From a railway operational aspect the important asset is the space TWW offers. Its generously-long 12-car platforms could be rebuilt and there is space for at least three platform faces – giving the railways all the capacity and flexibility we need for future network expansion. Developed alongside a new Sainsburys, it would be a new transport hub for Tunbridge Wells and benefit everyone. Sadly here in England we appear to have lost the ability to do joined-up thinking.

 

Couldn’t we just reopen the old spur between the Tonbridge – Redhill and East Grinstead lines?
Although there is spare capacity on the Redhill route, that would be a longer, roundabout journey to London. However, the capacity constraints at Tonbridge would remain, but even worse we couldn’t solve the insuperable blockade which is Tunbridge Wells (Central).

 

Tunbridge Wells (Central) is the big problem, not just its short platforms necessitating ‘Selective Door Opening’, but conflicting train movements using its reversible lines, as well as the turnback itself which even Network Rail identifies as a ‘constraint to growth’. It all comes down to the undeniable fact that we need to operate more trains into London – that’s the important thing – and only BML2 can do that.

 

Aside from commuters, what other benefits might there be?
We would gain regional services to Lewes, Brighton, other Sussex Coast towns and of course the University of Sussex at Falmer and the AMEX stadium at Falmer. All would become within easy reach by train. Such traffic would also flow into Tunbridge Wells, not only from Sussex but also Surrey and Kent.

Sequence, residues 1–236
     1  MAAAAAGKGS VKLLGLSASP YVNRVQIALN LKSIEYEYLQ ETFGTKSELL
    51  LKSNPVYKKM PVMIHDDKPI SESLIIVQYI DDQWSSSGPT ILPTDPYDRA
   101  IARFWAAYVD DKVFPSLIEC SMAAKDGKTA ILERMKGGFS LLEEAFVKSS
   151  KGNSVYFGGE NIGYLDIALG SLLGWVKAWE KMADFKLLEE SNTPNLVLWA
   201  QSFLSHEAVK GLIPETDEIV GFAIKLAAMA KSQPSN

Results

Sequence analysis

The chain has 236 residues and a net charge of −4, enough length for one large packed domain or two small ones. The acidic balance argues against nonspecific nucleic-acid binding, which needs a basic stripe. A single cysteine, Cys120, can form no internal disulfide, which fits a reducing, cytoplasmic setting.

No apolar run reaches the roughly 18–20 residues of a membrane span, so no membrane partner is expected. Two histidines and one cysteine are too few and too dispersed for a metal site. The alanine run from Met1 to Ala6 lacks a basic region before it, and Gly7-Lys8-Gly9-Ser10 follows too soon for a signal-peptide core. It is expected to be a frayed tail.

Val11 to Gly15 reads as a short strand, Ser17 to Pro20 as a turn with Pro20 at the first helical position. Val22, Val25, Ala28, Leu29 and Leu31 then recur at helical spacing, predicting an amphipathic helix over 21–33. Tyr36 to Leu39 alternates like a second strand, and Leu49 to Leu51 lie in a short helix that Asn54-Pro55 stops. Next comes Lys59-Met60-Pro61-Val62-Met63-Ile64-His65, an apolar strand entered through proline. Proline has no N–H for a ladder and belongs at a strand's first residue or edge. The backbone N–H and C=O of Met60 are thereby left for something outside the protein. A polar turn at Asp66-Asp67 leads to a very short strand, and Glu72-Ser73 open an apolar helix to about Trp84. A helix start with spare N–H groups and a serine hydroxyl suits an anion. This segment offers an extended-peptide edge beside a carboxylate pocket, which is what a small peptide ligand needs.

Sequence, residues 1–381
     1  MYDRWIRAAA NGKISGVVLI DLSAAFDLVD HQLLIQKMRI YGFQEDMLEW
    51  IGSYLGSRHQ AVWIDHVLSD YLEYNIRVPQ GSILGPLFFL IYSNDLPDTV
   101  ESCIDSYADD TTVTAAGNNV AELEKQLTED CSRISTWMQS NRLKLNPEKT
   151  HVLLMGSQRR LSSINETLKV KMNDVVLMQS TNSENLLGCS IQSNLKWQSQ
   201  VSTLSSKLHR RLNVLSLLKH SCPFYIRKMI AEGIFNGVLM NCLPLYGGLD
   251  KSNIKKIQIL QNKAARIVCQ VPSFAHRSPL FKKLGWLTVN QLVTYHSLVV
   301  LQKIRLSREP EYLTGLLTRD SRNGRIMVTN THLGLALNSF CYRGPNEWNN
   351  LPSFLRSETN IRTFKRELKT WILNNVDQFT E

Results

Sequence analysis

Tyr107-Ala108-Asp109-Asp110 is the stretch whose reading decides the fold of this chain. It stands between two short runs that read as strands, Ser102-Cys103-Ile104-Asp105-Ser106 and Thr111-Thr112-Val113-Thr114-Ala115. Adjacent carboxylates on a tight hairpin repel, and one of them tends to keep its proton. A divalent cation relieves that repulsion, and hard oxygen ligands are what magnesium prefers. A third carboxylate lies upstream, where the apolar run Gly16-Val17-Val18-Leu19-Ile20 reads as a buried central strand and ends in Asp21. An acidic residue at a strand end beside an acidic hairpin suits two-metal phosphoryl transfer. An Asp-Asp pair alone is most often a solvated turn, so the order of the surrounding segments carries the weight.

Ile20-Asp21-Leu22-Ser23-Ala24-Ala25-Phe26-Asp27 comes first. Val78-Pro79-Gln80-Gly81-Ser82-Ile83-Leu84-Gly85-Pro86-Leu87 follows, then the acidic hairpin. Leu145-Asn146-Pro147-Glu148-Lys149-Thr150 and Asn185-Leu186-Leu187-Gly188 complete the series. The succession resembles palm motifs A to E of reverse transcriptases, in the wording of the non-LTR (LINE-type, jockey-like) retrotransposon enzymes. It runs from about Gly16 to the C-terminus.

Grayling invites funders for Brighton Main Line 2

London and South Coast Rail Corridor Study

 

The Transport Secretary has met with promoters of the BML2

concept and encouraged them to continue to develop

their proposals for it to be delivered and funded privately.


Publication of the Government’s ‘London and South Coast Rail Corridor Study’ has been long delayed, whilst publications such as The Times declared: ‘Plans for a new railway line between London and the south coast have been scrapped because it would be too expensive’.

 

In fact, events of the past twelve months have surpassed the report’s objective – to examine a case for Government funding a new main line between London and the Sussex Coast.

 

During 2016 the London & Southern Counties Railway Consortium (LSCR) was established to arrange delivering BML2 for the nation.

 

In response to the latest study a spokesman said:
“We are delighted that the Government has signalled its support for a private sector solution to solve capacity issues on the Brighton mainline.”

 

LSCR intends developing a new route introducing greater capacity for the millions of daily commuters and has been working with international investors to supply 100% of the capital.

 

The Consortium sees increasing Government appetite for private investment in UK infrastructure as the ideal opportunity to reposition the dedicated work of the Wealden Line Campaign’s Brighton Main Line 2 project, elevating it onto a fully professional, project footing.  LSCR has engaged with leading companies who have global expertise in infrastructure, economics, property and financing – transforming the scheme from a good idea to a thoroughly realistic proposition.

 

An LSCR spokesman said: “In BML2 we perceived a project of real value which could, if taken forward by professional companies, deliver tangible and substantial rewards for London and the South East, the rail industry and the people who live here. It was for this reason that we wanted to be involved. We sincerely hope that with the Government’s blessing and helpful co-operation we can bring this to fruition as soon as possible.”

 

For more detail CLICK HERE to read the full article

 

 

 

Transport Secretary shows keen interest in Brighton Main Line 2

 

Brighton's 2nd Mainline before closure

 Photo by kind courtesy John Wenham

 

Closed in 1969, Brighton’s second main line is now part

of serious proposals to boost the rail network and the economy.